Do We Need to Sacrifice the Planet to Work from Home?

What does remote working ‒ or ‘working from home’ (WFH) as it’s affectionately known ‒ mean for the future of life in Britain?

The COVID-19 pandemic is, undoubtedly, the biggest working from home experiment in history – at least half of the British workforce worked from home part, if not all, of the week in Summer 2020. Working from home has proved very popular with employees, so much so that many employers are facing up to a permanent change to at least a hybrid model of working in which employees work from home at least some of every week. The continuation of working from home throws up obvious questions in regard to employee collaboration, productivity, and wellbeing – that’s a certainty and something which is continually being analysed and assessed.

However, the idea of its impact on the environment and sustainability is something which remains comparatively unexamined in public discourse. There is no denying that the behaviour of employees can have considerable impacts on the environment, so the argument for working from home, particularly when taking this into account, needs to be properly considered.

What the facts say about the environment and working from home

This topic, is, for sure, one of the hardest to pin down thanks to the sheer number of variables. That said, there are some things that we know for certain and, similarly, we know there are a number of things businesses can do to ensure that the environment is not sacrificed.

Think of the number of variables: consumer electronics; home energy consumption; non-work travel; home technologies available; and type of office space – when all of these are considered, WFH begins to appear in a slightly different light to being a clear environmental win.

But, what about the numbers?

Three particularly interesting facts emerge from the MoreThanNow “Working From Home: The Sustainability Question” report. Firstly, the average business user creates 135kg of CO2e from sending emails every year which is equivalent to 200 miles driven in a family car.

Secondly, at our current rate of video conferencing and streaming, it would take 71,600 square miles of forest to sequester all the associated CO2 pollution.

Finally, food, must be a major consideration – it lies behind 26% of all greenhouse gases and 50% of UK wasted food comes from households.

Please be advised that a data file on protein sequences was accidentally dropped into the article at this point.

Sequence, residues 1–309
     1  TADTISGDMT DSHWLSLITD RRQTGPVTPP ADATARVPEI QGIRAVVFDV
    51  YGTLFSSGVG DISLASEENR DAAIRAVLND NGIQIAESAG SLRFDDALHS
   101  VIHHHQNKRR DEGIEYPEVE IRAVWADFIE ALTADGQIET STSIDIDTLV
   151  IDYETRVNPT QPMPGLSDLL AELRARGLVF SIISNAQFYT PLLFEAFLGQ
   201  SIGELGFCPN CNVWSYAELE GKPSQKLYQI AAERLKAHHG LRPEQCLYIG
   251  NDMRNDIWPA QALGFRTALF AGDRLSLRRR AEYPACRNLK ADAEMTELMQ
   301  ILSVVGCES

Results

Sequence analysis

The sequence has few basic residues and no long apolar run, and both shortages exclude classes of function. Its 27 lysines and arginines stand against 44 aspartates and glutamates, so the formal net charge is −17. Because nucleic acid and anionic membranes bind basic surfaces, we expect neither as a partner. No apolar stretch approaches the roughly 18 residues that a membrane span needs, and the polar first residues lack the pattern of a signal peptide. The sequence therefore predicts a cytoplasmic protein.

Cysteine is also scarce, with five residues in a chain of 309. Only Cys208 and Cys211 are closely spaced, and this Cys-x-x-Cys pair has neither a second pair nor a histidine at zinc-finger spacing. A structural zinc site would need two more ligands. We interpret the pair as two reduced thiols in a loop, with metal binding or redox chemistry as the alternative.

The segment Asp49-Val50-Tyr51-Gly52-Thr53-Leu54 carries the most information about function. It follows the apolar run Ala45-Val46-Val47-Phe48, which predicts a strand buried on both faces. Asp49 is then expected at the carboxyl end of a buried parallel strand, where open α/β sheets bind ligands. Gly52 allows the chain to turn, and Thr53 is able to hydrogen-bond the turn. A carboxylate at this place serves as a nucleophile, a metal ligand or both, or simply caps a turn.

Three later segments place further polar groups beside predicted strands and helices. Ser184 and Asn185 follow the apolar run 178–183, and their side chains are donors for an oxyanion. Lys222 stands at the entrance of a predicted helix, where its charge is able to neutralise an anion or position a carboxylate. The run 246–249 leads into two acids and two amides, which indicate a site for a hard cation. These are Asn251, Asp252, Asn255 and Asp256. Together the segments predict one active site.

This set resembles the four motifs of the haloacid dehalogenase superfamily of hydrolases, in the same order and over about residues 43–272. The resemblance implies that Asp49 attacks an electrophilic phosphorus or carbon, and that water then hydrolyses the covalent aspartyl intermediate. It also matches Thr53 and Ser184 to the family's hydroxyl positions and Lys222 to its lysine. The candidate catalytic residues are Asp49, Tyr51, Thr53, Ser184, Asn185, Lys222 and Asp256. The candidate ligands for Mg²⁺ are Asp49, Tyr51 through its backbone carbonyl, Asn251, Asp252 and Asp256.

James Hand, Founder of Giki, a social enterprise which makes it easier to live sustainably, discussed the complication associated with assessing the environmental impact of working from home, commenting: “One: how much energy do you save by not travelling to work? Two: how much extra energy do you use by being at home?”

Weighing up the positives and negatives of home and office working

When working from home some of the obvious savings for the environment include the reduction in travel, limiting carbon emissions associated with fuel, a reduction in single use plastic from coffee cups and takeaway sandwiches, and an overall reduction in household waste, by using the foods that you have at home.

The office, meanwhile, also boasts advantages – running one electric and heating system on a daily basis as opposed to hundreds clearly helps drive down the associated pollution. However, when you think about the hybrid working approach, an office will obviously be running heating and electricity all of the time even if only half of the staff or less are present.

If it is the case that businesses are operating a hybrid approach, it must be questioned whether or not they can successfully operate a half-heated or half-lit system.

What the experts say

A report by Moneybarn found that the average commute in the UK is 37km, with the average petrol car producing 142g of CO2 per km. These figures strongly support the environmental benefits of home working, especially when this data is combined with that of tech giant Huawei, which indicates that the emissions associated from data centres and its video conferencing total just 0.6 per cent of the carbon emissions from a daily commute.

However, the Centre for Research into Energy Demand Solutions at the University of Sussex noted: “While most studies conclude that teleworking can contribute energy savings, the more rigorous studies, and those with a broader scope, present more ambiguous findings. Where studies include additional impacts such as non-work travel or office and home energy use, the potential energy savings appear more limited – with some studies suggesting that part-week teleworking could lead to a net increase in energy consumption.”

The non-work travel aspect of the above statement is something worth paying attention to. Workplace commutes aren’t actually the biggest contributor to carbon emissions when analysing emissions arising from car travel – they actually make up less than 20 per cent with shopping and leisure trips accounting for 45 per cent.

What can businesses do to support the environment when staff are WFH?

There are a number of areas in which businesses can support their staff when working from home in order to help keep their emissions low: energy; water; electronics; internet usage; food; waste; and travel.

Employers can help their staff switch to greener energy suppliers, transition onto more plant-based lunches (such as meat-free Mondays) and reduce the number of online meetings with video-calls to cut down on data usage.


There’s no doubt that the future will hold challenges for businesses and employers alike but, if we’re going to make WFH work, then we need to consider the planet too.

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